Why It’s Important to LVAC with Your Child (reprint)

LVAC stands for: Listen, Validate, Ask, Comment.

Most people pronounce it “L-VAC”.

It is a trademarked communication technique which I developed to remind us how to give each other what we need when talking to one another.

It is especially important to LVAC with your child for three reasons.

1) it builds up your Emotional Credibility with them (which equals trust + likability)


2) it helps them learn more about themselves while you are learning about them at the same time


3) they’ll never outgrow the need for it since we all need it

If your child came to you and told you that they lost the locket or keychain you gave them for their birthday, what would you do?

What if they came to you and told you they had just been bullied at school or at the park?

Or how about if they told you they were scared about something? Worried? Angry?

What do you do when your child “talks back” to you?

The point is that most of us, given the above situations, make some sort of immediate Comment to the child. We’ll usually make some sort of generalization, or ultimatum, or maybe get defensive somehow (or all three!)

Sorry to break it to everyone, but this is NOT parenting!

What we tend NOT to do is to first Listen to what they are saying, then Validate their feelings on the matter (i.e. “I see”, “Oh, I can understand that”, “Uh-huh, I see”, “Yeah?”, etc.)

Once we Listen and Validate, then we can move on to Asking questions.

The best questions to ask are open-ended questions, such as “What’s going on?”, or, “How’d you feel about that?”, or, “Then what?”

Don’t be afraid to use open-ended questions with your child to help them clarify what they are trying to say to you, and to themselves. A great deal of the magic of the LVAC technique lies within the Asking of open-ended questions instead of making immediate Comments. A good open-ended question encourages the other person to talk more; it doesn’t shut them down.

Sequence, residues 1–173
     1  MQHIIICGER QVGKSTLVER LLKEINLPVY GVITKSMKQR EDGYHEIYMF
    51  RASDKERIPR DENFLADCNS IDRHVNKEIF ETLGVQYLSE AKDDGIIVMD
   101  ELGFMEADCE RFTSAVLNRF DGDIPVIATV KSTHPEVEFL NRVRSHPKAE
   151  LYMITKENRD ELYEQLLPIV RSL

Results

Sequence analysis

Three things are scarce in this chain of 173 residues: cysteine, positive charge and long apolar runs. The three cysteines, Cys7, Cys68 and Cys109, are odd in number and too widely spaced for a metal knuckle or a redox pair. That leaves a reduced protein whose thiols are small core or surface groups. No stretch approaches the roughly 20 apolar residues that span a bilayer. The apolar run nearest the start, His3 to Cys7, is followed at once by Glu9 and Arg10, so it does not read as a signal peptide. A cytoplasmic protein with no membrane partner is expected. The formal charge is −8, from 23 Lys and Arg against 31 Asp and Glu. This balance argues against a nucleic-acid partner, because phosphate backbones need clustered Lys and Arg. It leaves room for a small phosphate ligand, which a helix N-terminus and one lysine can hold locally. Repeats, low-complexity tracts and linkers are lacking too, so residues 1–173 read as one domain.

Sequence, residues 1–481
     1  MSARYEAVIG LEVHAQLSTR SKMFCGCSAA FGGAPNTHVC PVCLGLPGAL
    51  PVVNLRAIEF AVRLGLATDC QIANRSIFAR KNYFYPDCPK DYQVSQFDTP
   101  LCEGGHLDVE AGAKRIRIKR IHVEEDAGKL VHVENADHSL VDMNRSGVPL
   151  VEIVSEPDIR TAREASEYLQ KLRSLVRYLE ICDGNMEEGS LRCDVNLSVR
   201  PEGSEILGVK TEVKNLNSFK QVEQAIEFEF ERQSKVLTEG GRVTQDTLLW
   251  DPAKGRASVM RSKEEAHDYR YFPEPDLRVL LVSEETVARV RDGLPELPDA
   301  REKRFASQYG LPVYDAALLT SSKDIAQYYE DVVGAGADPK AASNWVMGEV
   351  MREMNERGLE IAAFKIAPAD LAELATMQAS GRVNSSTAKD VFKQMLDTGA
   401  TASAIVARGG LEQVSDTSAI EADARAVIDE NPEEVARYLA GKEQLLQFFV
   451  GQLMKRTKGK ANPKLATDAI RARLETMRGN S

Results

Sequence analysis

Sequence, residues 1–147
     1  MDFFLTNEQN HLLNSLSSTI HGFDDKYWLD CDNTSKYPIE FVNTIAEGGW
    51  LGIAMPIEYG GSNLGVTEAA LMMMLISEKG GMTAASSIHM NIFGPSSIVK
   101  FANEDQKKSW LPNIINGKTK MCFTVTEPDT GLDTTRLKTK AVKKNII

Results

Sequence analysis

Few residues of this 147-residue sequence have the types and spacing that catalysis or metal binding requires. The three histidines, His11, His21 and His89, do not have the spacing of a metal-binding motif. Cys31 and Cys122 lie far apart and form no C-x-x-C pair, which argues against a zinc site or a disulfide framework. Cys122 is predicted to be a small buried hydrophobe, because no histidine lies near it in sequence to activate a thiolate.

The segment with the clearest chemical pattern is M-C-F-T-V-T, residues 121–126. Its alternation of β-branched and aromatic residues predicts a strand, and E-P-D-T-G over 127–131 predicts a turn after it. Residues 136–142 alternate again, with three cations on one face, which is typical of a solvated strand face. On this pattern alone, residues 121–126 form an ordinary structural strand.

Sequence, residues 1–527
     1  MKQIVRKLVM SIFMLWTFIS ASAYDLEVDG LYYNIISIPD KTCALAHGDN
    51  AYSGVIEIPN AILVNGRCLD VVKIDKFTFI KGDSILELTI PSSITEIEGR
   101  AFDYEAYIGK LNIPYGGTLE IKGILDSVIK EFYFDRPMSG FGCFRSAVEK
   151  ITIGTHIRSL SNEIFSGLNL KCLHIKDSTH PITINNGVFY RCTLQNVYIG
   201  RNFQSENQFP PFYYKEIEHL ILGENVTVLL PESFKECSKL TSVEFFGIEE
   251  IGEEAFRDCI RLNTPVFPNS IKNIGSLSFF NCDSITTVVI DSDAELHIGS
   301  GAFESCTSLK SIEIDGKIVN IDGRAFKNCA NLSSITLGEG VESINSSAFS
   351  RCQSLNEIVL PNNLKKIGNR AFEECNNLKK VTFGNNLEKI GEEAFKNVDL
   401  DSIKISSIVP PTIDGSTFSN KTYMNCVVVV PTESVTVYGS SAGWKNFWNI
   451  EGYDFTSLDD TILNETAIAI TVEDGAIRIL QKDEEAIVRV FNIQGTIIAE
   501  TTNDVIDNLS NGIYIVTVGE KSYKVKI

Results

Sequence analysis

And don’t make the mistake of using closed-ended questions such as, “You’re not wearing that are you?”, or, “I hope you didn’t do that, did you?” These are actually just Comments in disguise, and they contain the same things that our Comments contain: shame, blame, guilt, anger, defensiveness, etc.

The real problem with Commenting as a first response is that the Comment tells the child about where WE are emotionally; i.e., about OUR reaction to them or to what’s happening. It does not help us learn about them, and it does not help them learn about themselves.

Our immediate Comments short-circuit the process of teaching the child how to feel what they are feeling so that they can learn to communicate their position WITH WORDS.

Instead, with our Comments we are teaching them to be more in tune with us than with themselves. This is how we pass our life experiences (and our neuroses) onto our children, generation after generation. This will not gain us any Emotional Credibility with them, since they will begin to realize over the years, at some level, that we always make it about US instead of keeping our attention on THEM and they will pull away from us or cease to trust us emotionally.

Our Comments also promote DISCONNECT between us and them, and between them and themselves, and as you know from some of my prior posts, these disconnects are what ultimately lead to destructive acting out behaviors.

The LVAC technique will help you behave in a calm, focused, productive, and invaluable manner with your child so that they get from you what they need as your child, i.e., they need to use us as sounding boards for their lives, not continuous commentators.

If we use LVAC, our children will learn important things about themselves, about life, and, lastly, about us and our competence (and incompetence.)

They will grow to trust us and want us around for years to come because of what we’ve always given to them.

And, most importantly, they will grow to like and accept themselves as they become the emotionally competent, strong, and confident adults we want them to be.

Good luck, and all the best,

Anthony Ferraioli, M.D.



(You can find out more about the LVAC technique in my book, LVAC Nation!, available on amazon.com, or by going to http://www.LVACNation.com)


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